Australia and New Zealand
The extent of the links between Oxford and Oceania is demonstrated by the fast-developing set of research projects and collaborations relating to Australia, New Zealand and the Pacific Islands. Oxford researchers both study the continent, and collaborate extensively with researchers from the region. In Australia and New Zealand these activities cover a broad spectrum, ranging from topics such as: mortality from smoking; analysis of the causes of desertification in Australia; research collaborations in astrophysics and neuroscience. In addition, Oxford’s collaborations with Australia in the field of legal studies are particularly strong, and include both academic collaborations and exchanges, and student scholarships.
In the Pacific islands, Oxford researchers are working on a highly diverse range of projects. In zoology, studies are taking place that are monitoring the incredibly rare tool-using behaviour of the New Caledonia crow, a highly sophisticated behaviour not found anywhere else in the bird kingdom. In economics, high profile economists in the Centre for the Study of African Economies (CSAE) have been looking at the economic impacts of state failure on Pacific islands. In anthropology and medical sciences, Oxford DPhil students are undertaking field research in Naura studying the interaction of political and ecological factors on the island’s extraordinary high rates of obesity. In short, Oxford’s research links with Oceania are diverse and broad-ranging.
Oxford’s solidarity with Oceania extends far beyond shared research interests and academic pursuits. This was demonstrated in 2011 after the earthquake of February 2011 devastated the city of Christchurch including many of the University of Canterbury’s facilities. Oxford was delighted to offer 42 fully funded places to students from Canterbury University during Trinity term (April-June) 2011 to allow students to continue their studies while their city was rebuilt. Oxford and its colleges created places for 32 undergraduate and ten postgraduate students in the arts, humanities, social sciences and law.
Oxford has educated a number of Oceanians who have gone on to be prominent public figures. These include Ratu Sir Kamisese Mara, the first Prime Minister (and later President) of Fiji, and, from New Zealand, Sir David Skegg, Vice Chancellor of the University of Otago; John Cornforth, MP for Taurange; and David Kirk, former CEO of Fairfax Media and former captain of the New Zealand All Blacks.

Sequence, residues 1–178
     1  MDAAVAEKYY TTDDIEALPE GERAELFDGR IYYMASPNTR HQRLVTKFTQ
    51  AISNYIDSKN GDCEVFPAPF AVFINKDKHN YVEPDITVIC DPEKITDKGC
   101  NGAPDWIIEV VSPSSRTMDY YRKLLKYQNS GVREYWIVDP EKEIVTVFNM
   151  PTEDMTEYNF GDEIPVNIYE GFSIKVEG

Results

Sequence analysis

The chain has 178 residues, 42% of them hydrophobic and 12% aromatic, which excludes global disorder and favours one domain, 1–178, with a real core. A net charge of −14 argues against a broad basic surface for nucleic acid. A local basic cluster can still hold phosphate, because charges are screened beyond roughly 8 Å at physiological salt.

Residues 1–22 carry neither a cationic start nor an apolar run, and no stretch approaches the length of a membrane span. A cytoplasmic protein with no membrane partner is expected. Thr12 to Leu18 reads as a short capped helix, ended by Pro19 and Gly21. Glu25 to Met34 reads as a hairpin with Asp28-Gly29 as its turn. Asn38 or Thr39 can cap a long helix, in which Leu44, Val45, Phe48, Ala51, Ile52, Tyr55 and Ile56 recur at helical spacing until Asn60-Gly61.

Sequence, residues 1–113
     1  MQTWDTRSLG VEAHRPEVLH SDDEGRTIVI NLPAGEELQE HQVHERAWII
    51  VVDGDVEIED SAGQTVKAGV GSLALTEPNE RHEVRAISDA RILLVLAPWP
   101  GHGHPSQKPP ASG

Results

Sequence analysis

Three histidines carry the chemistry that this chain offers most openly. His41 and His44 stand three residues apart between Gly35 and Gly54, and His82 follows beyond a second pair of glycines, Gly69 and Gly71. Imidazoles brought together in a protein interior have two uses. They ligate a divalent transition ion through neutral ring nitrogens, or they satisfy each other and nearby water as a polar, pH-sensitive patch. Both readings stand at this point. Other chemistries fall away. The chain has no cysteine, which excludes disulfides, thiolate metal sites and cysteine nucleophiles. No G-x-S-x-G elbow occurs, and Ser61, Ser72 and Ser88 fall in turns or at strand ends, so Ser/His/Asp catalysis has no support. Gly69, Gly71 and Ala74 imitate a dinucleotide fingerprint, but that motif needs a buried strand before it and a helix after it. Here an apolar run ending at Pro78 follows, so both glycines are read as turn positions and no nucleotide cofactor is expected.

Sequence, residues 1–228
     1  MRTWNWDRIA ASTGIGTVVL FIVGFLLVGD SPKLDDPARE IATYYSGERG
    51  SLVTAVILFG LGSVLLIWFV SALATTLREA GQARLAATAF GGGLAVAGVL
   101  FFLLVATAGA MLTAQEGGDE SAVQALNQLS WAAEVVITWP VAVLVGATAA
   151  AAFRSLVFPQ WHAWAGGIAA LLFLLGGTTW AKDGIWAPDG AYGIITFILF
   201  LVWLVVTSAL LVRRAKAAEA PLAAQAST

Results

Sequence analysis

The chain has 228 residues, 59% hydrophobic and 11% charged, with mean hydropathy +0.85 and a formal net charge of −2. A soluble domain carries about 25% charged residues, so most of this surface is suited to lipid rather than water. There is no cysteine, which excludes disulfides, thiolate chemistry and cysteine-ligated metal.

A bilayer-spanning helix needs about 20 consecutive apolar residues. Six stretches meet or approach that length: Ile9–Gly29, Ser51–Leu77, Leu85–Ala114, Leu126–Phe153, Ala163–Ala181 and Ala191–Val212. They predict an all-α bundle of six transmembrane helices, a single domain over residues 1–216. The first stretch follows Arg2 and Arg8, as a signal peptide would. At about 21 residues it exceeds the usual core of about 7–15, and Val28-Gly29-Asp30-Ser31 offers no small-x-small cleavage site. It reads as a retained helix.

Oceania has more than 3,500 Oxford alumni, concentrated mainly in Australia and New Zealand but also further afield in a number of the Pacific Islands. With a total of 11 alumni groups across the region, these Oxonians have many opportunities to meet and interact with one another
Oxford’s links with Oceania have also produced a number of world-renowned academics, including several at Oxford today, and leaders in business.
Academics from Oceania span all disciplines and include several prominent experts. At present there are over 150 academics and research staff from the region working in Oxford. In addition to our academic staff, some of the University’s top leadership have also come from Australia and New Zealand. Sir Kenneth Clinton Wheare and John Hood, former Vice Chancellors of Oxford were from Australia and New Zealand respectively.
Oxford-Canterbury Academic Exchange Programme
In recognition of the lengthy association between the University of Oxford and the University of Canterbury, New Zealand - a link that dates back to the design of the University of Canterbury's town site, the donation of books to College House, and a series of distinguished Oxford visitors to Canterbury over the year - an academic visitor exchange programme between Oxford and Canterbury was established in 2002.
The goal of the Exchange Programme is to build on the academic links that have already been developed, and to benefit the students and staff of both universities by funding the regular visits of academic staff members. In addition to teaching and research presentations, the exchange also creates opportunities for joint Oxford-Canterbury research, and encourages the exchange of publications and academic materials.
Libraries and Museums
Oxford holds important collections of art and artefacts from Australia, New Zealand and the wider Pacific region, and a particularly impressive series of materials from the early exploration of the area is housed in Oxford’s various collections.
The Bodleian Library has strong holdings of material relating to Australia and New Zealand in its collections, including manuscripts and early printed books relating to the early travellers from Europe to the southern Hemisphere; and substantial materials relating to the colonial and post-colonial history of Australia and New Zealand, ranging from diaries and letters to official publications. It also holds a considerable collection of resources relating to pacific island law and anthropology.
University of Oxford Botanic Garden and Harcourt Arboretum
The University of Oxford Botanic Garden and Harcourt Arboretum also hold a number of notable plants from Oceania in its geographic bed relating to the region.
Oxford University Press
The world renowned Oxford University Press has offices in Australia and New Zealand dating from April 1908. Today this branch publishes approximately 150 titles per year for the higher education, secondary, primary and trade markets. It also plays a key role in the development of educational materials for Papua New Guinea, and in conjunction with AusAID has delivered learning materials to all schools throughout this developing nation.